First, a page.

Australia’s Yarrabubba impact crater is the oldest in the world, scientists confirm

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Earth’s oldest asteroid strike was at Yarrabubba, in Western Australia’s outback, around 2.229 billion years ago, Aussie scientists have confirmed. 

The team from Curtin University in Perth used isotopic analysis of minerals to calculate the precise age of the 43-mile-wide impact crater for the first time. 

The asteroid strike that created the crater occurred 200 million years before the next oldest impact at Vredefort in South Africa.

The Yarrabubba impact structure is regarded as one of Earth’s oldest, but until now lacked a precise age.

‘Yarrabubba, which sits between Sandstone and Meekatharra in central WA, had been recognised as an impact structure for many years, but its age wasn’t well determined,’ said Professor Chris Kirkland at Curtin University.

The Earth has a continually changing surface due to tectonics and erosion, which means that very old impact craters are difficult to identify. 

The team analysed the minerals zircon and monazite that were ‘shock recrystallized’ by the asteroid strike, at the base of the eroded crater to determine the exact age of Yarrabubba. 

At 2.2 billion years old, Yarrabubba is around half the age of Earth itself – 4.5 billion years.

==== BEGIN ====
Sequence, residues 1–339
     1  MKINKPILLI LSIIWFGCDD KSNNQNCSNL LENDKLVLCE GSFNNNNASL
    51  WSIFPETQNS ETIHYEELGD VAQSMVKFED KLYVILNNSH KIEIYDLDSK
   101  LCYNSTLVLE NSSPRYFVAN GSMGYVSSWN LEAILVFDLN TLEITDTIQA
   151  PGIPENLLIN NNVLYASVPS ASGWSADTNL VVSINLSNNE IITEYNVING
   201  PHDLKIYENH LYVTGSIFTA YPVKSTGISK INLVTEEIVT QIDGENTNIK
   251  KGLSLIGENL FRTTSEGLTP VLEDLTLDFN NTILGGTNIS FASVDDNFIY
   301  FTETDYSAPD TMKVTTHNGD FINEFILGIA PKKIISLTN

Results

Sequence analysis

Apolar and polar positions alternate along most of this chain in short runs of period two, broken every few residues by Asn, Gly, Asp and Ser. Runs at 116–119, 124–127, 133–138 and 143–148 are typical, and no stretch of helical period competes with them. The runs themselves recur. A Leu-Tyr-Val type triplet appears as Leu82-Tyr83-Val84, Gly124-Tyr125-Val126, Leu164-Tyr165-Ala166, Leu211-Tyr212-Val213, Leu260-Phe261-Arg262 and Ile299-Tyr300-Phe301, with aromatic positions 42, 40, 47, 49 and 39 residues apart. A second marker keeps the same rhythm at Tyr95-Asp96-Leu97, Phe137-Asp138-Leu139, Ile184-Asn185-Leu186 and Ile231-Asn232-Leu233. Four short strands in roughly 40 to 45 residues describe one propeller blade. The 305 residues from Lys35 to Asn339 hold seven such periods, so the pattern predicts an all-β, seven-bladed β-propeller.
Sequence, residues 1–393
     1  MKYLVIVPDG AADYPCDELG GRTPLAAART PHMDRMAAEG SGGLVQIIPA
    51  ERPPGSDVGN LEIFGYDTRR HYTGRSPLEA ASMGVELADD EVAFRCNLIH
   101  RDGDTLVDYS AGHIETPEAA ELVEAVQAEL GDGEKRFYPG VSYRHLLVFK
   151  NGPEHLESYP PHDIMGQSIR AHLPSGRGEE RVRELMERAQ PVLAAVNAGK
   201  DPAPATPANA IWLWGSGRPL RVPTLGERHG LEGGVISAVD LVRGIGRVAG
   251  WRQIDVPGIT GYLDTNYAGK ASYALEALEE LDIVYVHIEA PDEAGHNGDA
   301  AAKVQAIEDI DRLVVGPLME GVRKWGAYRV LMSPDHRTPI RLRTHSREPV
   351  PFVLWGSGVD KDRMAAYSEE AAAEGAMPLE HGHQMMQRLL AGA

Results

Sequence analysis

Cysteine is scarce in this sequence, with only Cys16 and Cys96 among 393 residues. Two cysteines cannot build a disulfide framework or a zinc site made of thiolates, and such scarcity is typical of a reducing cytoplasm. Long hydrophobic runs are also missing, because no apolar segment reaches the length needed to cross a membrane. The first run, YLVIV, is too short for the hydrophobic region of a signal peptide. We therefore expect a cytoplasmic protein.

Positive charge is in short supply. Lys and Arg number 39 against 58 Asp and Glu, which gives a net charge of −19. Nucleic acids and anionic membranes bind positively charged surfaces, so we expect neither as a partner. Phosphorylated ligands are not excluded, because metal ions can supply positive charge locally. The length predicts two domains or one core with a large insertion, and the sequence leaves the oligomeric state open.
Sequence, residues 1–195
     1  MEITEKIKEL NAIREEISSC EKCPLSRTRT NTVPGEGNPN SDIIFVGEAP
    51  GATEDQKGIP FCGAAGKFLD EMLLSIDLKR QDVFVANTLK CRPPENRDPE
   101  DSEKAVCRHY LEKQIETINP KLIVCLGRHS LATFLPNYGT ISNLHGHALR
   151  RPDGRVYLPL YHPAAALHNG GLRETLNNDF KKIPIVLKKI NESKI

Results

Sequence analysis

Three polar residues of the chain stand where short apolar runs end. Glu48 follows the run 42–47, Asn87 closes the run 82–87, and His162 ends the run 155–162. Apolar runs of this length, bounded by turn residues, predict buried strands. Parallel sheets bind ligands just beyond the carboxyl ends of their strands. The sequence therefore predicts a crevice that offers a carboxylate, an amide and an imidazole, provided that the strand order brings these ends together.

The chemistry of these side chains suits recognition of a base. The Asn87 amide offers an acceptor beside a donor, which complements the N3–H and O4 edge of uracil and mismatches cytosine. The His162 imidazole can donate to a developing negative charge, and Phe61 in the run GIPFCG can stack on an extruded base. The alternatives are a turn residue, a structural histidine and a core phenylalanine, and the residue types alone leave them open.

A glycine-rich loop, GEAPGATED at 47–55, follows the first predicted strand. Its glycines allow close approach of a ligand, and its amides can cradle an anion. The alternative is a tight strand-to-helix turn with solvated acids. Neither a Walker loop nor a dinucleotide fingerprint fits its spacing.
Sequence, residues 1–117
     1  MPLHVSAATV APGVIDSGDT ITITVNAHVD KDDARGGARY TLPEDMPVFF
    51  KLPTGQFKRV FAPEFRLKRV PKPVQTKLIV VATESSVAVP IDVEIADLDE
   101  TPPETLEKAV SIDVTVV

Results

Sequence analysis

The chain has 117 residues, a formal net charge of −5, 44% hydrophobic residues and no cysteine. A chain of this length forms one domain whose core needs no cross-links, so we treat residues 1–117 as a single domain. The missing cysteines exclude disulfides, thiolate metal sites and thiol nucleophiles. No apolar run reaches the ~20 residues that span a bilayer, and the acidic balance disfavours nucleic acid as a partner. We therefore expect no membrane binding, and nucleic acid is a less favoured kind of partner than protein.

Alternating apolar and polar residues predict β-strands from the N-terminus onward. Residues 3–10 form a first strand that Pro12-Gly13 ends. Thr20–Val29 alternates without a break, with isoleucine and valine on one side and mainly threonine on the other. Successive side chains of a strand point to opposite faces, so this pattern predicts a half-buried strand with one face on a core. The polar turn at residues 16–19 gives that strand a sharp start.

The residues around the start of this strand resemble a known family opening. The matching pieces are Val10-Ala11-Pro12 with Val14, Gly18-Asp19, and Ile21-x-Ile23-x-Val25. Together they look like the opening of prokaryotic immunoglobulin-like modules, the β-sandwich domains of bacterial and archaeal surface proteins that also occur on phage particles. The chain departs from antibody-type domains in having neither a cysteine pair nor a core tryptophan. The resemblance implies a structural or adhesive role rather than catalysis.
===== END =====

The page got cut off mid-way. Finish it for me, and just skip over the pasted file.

The timing of the impact that created the crater may even have helped lift planet Earth out of a deep freeze, the researchers say.

‘Now we know the Yarrabubba crater was made right at the end of what’s commonly referred to as the early Snowball Earth – a time when the atmosphere and oceans were evolving and becoming more oxygenated and when rocks deposited on many continents recorded glacial conditions,’ said Professor Kirkland.

The Yarrabubba impact also coincided with the disappearance of glacial deposits, which are absent in the rock record for 400 million years since the impact.

‘This twist of fate suggests that the large meteorite impact may have influenced global climate,’ said Associate Professor Nicholas Timms. 

The team’s calculations indicated that an impact into an ice-covered continent could have sent half a trillion tones of water vapour into the atmosphere, potentially playing a role in modifying Earth’s climate.

‘This finding raises the question whether this impact may have tipped the scales enough to end glacial conditions,’ said Professor Timms.

The asteroid may have landed on an ice-covered landscape, vaporising a large volume of ice into the atmosphere and producing the 43-mile crater in the rocks beneath that we see today.

The study could have significance for future impact crater discoveries – some of which may even be older than Yarrabubba, which was first reported in 2003. 

‘Our findings highlight that acquiring precise ages of known impact craters is important – this one sat in plain sight for nearly two decade before its significance was realised,’ said Dr Aaron Cavosie at Curtin University. 

‘Yarrabubba is about half the age of the Earth and it raises the question of whether all older impact craters have been eroded or if they are still out there waiting to be discovered.’ 

The team say that while material thrown out from an impact crater found in parts of Australia and Africa has previously been identified as older than 2 billion years, their corresponding craters could not be identified.

The research team, which also included Timmons Erickson from the Astromaterials Research and Exploration Science division at NASA, published their study in Nature Communications.

 

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